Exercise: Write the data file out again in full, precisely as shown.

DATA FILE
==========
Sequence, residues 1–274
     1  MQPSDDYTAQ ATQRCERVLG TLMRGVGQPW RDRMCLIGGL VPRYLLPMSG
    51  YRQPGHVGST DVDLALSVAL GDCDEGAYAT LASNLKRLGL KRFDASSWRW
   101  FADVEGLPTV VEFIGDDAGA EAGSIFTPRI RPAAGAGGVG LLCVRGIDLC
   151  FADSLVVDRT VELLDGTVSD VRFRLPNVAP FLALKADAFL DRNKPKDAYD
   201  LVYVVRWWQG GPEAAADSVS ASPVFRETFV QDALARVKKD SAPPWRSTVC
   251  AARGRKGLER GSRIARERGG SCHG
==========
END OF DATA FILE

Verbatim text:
Sequence, residues 1–274
     1  MQPSDDYTAQ ATQRCERVLG TLMRGVGQPW RDRMCLIGGL VPRYLLPMSG
    51  YRQPGHVGST DVDLALSVAL GDCDEGAYAT LASNLKRLGL KRFDASSWRW
   101  FADVEGLPTV VEFIGDDAGA EAGSIFTPRI RPAAGAGGVG LLCVRGIDLC
   151  FADSLVVDRT VELLDGTVSD VRFRLPNVAP FLALKADAFL DRNKPKDAYD
   201  LVYVVRWWQG GPEAAADSVS ASPVFRETFV QDALARVKKD SAPPWRSTVC
   251  AARGRKGLER GSRIARERGG SCHG